How does motorcoach travel protect the environment?
Motorcoaches are a greener, fuel-efficient way to go, naturally. Each coach carries as many as 56 passengers, which keeps numerous cars off the road, ultimately reducing emissions and traffic congestion. A motorcoach uses about 17 gallons of fuel to travel 100 miles (assuming 6 miles per gallon). Taking the same number of people the same distance by car would use 70 gallons of fuel.
Passenger cars alone have caused about 60 percent of U.S. carbon emissions over the last 20 years, according to some studies. A private vehicle is the largest contributor to a person’s carbon footprint.
Motorcoaches on average deliver 336 passenger miles per gallon of fuel. In contrast, single-occupant automobiles achieve 28 passenger miles per gallon at highway mileage.
Motorcoach travel offers an immediate alternative for those seeking to reduce their energy use and carbon footprints.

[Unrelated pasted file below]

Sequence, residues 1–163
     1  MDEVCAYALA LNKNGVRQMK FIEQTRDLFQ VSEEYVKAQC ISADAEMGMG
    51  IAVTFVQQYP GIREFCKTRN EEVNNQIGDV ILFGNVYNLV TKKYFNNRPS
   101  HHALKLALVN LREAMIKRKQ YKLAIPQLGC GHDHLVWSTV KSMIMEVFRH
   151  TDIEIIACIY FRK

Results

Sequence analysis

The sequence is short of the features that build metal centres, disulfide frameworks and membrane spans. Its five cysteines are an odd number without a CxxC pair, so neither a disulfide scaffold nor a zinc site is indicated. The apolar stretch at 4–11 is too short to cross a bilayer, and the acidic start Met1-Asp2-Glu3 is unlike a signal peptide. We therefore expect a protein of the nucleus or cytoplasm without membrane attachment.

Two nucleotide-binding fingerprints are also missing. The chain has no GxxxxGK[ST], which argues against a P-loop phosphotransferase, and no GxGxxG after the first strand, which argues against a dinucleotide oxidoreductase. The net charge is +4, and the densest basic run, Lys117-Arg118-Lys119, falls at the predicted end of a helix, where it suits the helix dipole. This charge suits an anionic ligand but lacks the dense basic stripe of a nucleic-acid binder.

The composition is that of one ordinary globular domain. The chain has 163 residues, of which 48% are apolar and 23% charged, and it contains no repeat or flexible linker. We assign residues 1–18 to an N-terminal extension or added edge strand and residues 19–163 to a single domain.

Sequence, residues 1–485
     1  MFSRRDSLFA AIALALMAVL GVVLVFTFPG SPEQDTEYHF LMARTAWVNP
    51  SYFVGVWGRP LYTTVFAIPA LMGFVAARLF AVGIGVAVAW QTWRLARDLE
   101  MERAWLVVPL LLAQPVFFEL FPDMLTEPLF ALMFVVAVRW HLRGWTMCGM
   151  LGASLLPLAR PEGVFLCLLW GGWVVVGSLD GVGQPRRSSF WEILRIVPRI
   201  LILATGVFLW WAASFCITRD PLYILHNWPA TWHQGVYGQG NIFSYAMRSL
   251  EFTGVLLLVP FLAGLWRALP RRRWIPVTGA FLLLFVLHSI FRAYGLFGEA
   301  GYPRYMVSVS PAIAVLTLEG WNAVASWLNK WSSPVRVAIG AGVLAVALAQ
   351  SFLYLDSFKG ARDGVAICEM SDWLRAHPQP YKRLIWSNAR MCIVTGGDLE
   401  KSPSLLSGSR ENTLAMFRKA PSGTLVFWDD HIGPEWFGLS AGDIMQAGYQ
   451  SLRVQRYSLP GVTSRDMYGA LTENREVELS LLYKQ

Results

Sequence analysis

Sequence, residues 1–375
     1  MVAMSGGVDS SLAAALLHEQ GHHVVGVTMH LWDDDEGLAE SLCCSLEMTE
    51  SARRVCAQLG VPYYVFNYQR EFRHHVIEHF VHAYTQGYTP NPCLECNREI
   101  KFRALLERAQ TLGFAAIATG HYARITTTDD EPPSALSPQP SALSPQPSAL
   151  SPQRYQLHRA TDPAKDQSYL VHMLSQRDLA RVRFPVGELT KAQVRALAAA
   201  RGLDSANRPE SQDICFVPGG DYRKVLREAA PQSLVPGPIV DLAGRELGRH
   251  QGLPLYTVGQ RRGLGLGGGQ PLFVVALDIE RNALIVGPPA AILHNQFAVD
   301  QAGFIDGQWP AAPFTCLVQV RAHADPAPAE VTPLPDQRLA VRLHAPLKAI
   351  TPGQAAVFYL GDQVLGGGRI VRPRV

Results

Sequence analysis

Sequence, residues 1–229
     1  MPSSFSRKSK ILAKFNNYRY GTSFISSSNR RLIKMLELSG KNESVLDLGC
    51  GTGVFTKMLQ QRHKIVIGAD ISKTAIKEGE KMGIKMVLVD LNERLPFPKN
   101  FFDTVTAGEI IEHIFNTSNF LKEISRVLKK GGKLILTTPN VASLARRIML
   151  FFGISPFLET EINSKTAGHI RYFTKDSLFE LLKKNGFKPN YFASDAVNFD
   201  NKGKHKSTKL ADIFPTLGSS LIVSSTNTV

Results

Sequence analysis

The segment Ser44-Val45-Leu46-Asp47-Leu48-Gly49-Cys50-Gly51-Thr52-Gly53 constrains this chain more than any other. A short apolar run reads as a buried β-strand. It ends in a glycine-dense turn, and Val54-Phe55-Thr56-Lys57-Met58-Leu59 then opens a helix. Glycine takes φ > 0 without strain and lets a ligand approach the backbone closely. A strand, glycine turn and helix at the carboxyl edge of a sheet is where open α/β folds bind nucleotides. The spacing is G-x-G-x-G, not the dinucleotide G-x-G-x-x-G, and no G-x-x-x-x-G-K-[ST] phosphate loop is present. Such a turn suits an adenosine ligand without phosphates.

Anything else to know about motorcoach travel?
Higher fuel costs, global warming and more comfortable, luxurious models are driving more consumers to travel by motorcoach. The economic impact of a motorcoach makes it the best way to travel. Motorcoaches account for a mere 6 cents in federal subsidies per passenger trip, while public transits cost 77 cents per passenger trip, commercial air carriers cost $4.32 per passenger trip, and Amtrak costs $46.06 in taxpayer subsidies per passenger trip.
Motorcoaches provide cost-effective mobility to millions of Americans at virtually no cost to taxpayers, while other transportation sectors receive billions in annual federal subsidies.